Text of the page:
Trump pardons former national security adviser Flynn

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Trump psrdons Michael Flynn, former national security adviser. President Donald Trump announced Flynn's pardon on Wednesday via Twitter. It is my Great Honor to announce that General Michael T. Flynn has been granted a Full Pardon, Donald Trump, via Twitter. Trump's former national security adviser pleaded guilty twice to lying to the FBI ... ... about conversations he had with Russian ambassador Sergey I. Kislyak in December of 2016. Flynn is the only White House official to be convicted of crimes connected to the Mueller investigation. The investigation sought to uncover possible collusion between the Trump campaign and Russia to ensure Trump's election in 2016. Under Attorney General William Barr, the Justice Department recently sought to withdraw the charges against Flynn. Trump's pardon brings an end to Flynn's case

Pleaded guilty twice as a result of Russia investigation

President Donald Trump pardoned former national security adviser Michael Flynn on Wednesday, taking direct aim in the final days of his administration at a Russia investigation that he has long insisted was motivated by political bias.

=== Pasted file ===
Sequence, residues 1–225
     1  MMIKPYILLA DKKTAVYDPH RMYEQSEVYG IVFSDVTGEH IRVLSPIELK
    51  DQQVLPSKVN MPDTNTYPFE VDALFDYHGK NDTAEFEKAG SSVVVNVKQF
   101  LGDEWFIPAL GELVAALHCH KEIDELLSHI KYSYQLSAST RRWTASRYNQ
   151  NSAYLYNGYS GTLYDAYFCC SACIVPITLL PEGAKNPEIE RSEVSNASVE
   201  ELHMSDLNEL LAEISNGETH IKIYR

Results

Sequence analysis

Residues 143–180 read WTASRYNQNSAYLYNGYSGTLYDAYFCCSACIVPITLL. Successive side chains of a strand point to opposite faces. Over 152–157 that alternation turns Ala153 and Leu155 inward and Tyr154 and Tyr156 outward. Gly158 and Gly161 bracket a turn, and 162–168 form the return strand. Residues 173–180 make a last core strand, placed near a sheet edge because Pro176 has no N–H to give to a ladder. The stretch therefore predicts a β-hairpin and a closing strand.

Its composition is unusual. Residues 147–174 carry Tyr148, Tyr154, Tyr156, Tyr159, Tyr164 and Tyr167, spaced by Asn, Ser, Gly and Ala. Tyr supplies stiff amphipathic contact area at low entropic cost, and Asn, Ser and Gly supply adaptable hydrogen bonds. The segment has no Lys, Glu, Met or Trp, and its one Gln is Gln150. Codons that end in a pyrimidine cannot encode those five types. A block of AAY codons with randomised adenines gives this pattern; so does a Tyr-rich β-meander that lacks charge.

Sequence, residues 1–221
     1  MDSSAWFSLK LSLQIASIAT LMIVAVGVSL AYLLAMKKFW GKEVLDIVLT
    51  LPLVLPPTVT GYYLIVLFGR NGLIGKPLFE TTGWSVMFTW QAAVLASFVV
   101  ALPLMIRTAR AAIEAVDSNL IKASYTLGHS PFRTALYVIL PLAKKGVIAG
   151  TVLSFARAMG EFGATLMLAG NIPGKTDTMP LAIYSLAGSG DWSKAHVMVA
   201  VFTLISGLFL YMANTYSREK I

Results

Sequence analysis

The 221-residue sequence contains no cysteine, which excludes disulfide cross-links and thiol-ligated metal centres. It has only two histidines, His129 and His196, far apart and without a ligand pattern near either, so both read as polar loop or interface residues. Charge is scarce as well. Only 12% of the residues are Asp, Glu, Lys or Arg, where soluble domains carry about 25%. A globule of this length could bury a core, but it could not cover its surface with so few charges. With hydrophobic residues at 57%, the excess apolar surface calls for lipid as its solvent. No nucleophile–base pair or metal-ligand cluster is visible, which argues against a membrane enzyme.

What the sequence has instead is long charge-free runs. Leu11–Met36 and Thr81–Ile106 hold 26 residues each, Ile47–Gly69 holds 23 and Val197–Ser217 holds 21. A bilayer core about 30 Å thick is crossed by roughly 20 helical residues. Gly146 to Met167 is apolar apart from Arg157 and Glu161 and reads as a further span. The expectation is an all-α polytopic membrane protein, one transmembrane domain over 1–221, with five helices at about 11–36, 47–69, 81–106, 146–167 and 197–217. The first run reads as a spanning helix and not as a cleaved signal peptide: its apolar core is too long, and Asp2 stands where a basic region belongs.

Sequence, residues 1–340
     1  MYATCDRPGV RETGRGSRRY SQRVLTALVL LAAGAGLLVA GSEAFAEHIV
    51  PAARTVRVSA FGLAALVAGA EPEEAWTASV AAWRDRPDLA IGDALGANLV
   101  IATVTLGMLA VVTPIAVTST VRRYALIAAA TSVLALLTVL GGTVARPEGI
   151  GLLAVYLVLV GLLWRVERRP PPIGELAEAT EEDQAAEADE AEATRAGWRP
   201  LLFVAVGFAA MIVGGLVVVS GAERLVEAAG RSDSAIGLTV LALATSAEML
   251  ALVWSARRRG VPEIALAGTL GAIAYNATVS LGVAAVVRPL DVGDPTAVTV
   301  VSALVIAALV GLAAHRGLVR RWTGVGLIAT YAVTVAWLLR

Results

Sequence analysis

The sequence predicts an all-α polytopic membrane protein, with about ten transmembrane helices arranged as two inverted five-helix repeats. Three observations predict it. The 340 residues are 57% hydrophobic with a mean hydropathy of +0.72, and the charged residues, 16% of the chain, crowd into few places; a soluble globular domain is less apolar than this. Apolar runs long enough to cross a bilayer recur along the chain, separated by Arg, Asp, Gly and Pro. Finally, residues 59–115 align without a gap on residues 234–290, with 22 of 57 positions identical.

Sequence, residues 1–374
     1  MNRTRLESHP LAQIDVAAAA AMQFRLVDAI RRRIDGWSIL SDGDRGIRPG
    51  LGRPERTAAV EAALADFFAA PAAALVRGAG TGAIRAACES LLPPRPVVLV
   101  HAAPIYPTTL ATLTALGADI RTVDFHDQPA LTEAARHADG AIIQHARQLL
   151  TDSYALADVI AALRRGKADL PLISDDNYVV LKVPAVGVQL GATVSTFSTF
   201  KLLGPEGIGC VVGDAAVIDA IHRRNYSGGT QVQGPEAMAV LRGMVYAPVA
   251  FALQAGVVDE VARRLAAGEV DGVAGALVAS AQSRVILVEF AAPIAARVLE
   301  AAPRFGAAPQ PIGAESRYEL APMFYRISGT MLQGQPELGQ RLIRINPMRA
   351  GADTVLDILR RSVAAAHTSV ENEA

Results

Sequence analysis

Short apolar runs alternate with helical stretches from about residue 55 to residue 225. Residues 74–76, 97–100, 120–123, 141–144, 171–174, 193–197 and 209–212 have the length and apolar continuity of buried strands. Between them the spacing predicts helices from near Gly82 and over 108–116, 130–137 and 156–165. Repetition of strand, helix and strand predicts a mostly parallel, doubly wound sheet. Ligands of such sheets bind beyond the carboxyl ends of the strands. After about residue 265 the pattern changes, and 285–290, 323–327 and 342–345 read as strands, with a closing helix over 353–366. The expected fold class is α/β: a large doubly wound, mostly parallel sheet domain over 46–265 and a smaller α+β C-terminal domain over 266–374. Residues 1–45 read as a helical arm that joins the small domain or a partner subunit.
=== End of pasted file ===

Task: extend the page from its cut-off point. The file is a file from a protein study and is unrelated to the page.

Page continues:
» OCTOBER: Russian agents targeted Giuliani in effort to influence Trump

“It is my Great Honor to announce that General Michael T. Flynn has been granted a Full Pardon,” Trump tweeted. “Congratulations to @GenFlynn and his wonderful family, I know you will now have a truly fantastic Thanksgiving!”

» FROM MAY: List names Joe Biden among Obama officials who ‘unmasked’ Trump ally Michael Flynn

Flynn is the second Trump associate convicted in the Russia probe to be granted clemency by the president. Trump commuted the sentence of longtime confidant Roger Stone just days before he was to report to prison. It is part of a broader effort to undo the results of an investigation that for years has shadowed his administration and yielded criminal charges against a half dozen associates.

The action voids the criminal case against Flynn just as a federal judge was weighing, skeptically, whether to grant a Justice Department request to dismiss the prosecution despite Flynn’s own guilty plea to lying to the FBI about his Russia contacts.